Fantastic Detour: The Five Great Fantasy Novels You Might Have Missed
With the recent release of Peter Jackson’s The Hobbit and a renewed interest in fantasy fiction in general, some rather bright gems may get overlooked. Hidden beneath a sea of ring lords, hobbits, and time wheels you will find some truly amazing fantasy. These books are every bit as engaging as that ring trilogy and offer up some of the most memorable characters this side of the Shire. Within these pages dwell magic, dragons, ghosts, and more. Maybe you have heard of them but have you read them? Whether you know them all or not, if you enjoy a good fantasy than you owe it to yourself to check them out.
5. The Wind Through the Keyhole by Stephen King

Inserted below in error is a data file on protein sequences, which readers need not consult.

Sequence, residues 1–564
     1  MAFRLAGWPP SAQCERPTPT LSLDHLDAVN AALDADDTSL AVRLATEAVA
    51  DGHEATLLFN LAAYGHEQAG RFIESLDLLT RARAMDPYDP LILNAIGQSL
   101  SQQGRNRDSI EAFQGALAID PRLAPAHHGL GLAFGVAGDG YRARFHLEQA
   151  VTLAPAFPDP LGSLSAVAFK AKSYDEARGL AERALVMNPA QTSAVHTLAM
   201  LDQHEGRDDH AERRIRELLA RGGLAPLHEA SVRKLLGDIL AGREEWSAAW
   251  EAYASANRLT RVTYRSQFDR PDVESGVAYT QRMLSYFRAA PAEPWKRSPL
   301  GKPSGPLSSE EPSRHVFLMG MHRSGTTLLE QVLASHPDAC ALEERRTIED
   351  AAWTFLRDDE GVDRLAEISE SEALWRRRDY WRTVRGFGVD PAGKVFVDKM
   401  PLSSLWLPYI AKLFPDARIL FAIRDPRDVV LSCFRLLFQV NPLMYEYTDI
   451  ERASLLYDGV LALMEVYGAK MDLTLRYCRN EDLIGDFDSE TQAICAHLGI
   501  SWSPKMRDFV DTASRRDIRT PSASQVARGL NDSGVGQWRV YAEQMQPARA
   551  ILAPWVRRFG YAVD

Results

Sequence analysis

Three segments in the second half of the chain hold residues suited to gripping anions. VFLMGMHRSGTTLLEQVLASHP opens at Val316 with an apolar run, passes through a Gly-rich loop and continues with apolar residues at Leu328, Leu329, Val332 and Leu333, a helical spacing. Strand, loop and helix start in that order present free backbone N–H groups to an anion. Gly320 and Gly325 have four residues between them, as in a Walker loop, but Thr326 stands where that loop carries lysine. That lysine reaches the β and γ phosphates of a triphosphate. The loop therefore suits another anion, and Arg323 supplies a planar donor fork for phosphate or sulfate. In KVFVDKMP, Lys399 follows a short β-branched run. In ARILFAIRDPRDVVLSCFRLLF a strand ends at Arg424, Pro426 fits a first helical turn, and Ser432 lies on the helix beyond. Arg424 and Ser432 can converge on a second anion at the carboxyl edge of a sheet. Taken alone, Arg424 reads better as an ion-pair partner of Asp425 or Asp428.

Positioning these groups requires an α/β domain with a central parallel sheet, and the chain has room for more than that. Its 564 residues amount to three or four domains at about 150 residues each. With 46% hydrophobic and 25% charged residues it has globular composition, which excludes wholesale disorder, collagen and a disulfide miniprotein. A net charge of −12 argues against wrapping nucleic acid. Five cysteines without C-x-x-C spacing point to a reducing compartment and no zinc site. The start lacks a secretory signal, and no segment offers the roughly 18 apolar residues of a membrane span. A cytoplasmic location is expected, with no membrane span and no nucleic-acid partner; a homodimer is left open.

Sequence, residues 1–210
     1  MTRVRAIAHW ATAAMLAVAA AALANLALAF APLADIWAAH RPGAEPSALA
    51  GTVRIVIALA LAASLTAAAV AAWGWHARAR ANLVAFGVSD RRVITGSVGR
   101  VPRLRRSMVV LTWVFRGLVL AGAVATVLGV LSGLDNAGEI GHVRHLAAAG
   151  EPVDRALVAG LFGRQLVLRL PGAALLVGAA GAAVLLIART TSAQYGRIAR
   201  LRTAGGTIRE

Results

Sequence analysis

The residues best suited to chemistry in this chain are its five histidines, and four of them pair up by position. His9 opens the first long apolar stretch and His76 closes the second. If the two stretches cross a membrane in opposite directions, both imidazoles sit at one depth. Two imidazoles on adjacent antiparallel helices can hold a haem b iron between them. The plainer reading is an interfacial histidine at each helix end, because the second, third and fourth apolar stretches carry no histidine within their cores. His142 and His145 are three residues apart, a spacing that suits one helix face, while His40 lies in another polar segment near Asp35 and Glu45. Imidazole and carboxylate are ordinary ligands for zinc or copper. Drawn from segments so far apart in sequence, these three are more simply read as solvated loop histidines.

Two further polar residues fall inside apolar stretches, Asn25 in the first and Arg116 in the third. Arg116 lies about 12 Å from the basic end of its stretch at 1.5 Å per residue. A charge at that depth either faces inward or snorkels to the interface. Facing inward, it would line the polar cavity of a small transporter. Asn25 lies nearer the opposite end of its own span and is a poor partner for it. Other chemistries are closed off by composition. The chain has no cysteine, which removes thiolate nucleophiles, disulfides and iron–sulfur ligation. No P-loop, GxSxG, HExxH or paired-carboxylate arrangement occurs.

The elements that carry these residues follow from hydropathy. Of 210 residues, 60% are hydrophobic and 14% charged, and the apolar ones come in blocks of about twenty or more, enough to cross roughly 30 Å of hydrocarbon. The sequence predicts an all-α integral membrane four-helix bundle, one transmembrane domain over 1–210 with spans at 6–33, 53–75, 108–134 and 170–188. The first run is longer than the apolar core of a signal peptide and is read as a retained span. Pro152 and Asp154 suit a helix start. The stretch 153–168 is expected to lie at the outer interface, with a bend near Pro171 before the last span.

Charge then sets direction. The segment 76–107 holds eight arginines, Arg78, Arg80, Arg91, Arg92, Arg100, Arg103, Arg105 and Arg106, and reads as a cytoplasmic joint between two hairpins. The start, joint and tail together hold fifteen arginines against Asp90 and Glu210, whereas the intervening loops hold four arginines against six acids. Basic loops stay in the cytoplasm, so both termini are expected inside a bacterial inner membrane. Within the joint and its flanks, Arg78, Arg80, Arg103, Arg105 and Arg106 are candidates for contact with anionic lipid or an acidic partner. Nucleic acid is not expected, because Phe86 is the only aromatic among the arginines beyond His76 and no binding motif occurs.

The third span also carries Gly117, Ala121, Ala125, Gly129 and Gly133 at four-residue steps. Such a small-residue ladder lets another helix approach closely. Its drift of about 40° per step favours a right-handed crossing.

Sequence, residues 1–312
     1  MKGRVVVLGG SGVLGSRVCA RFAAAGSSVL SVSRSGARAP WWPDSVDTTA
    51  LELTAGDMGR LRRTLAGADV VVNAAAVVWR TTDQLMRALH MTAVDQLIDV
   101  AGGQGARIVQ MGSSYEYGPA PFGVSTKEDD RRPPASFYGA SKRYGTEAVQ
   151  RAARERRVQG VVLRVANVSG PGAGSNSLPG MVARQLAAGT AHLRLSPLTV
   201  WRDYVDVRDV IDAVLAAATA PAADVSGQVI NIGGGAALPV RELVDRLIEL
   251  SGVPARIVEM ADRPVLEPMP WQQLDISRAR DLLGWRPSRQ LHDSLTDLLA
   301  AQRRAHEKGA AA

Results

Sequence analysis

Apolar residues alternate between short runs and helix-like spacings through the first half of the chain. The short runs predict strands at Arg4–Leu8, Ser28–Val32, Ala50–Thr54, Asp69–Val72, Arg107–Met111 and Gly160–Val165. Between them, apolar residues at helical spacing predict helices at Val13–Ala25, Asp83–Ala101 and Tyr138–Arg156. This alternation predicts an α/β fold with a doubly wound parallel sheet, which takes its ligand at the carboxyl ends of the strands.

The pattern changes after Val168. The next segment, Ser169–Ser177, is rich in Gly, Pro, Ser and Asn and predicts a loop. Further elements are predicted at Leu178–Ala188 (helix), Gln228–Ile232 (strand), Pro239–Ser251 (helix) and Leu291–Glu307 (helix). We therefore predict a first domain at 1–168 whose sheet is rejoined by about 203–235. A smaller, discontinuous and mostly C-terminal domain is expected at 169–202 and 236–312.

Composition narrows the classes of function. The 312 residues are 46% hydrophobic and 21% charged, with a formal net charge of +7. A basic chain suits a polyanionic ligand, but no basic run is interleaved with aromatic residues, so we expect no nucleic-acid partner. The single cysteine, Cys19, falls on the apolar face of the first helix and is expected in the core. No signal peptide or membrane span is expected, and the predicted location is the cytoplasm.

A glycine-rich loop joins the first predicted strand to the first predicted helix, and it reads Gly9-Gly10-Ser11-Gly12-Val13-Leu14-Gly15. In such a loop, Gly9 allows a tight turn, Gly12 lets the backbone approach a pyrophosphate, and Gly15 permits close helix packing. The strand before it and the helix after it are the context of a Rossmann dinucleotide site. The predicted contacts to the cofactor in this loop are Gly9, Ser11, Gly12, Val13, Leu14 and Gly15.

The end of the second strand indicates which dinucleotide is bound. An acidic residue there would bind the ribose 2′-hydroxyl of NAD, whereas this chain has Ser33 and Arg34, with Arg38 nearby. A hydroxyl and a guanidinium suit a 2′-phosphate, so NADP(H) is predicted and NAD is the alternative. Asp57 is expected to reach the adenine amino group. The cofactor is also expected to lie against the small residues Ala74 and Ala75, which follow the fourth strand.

Most people may hear the name Stephen King and immediately think horror. This is not entirely fair. While King made a name for himself in the macabre, he certainly has written some well loved novels outside this genre as well. 11/22/63 or Rita Hayworth and The Shawshank Redemption come to mind. The Dark Tower series are some of his best loved stories and this new entry into that world of Roland and his ka-tet doesn’t disappoint. One of the great things about this novel is that you don’t have to be versed in the Dark Tower world to get it. Sure it is meant to bridge books four and five in the series but by no means does this alienate new readers. You are given enough information at the beginning of the book about Roland and his quest to get you going. New comers and old friends will likewise be able to jump feet first into this story from the first chapter. The middle part of the book is a story within a story and follows a young boy named Tim Ross. The Wind Through the Keyhole as we find out is this story that Roland tells and is a fantastic tale of monsters and magic and courage. It’s fantastic and well worth the cover price alone. It makes for a good stand alone story that leaves you satisfied and maybe, just maybe, wanting more.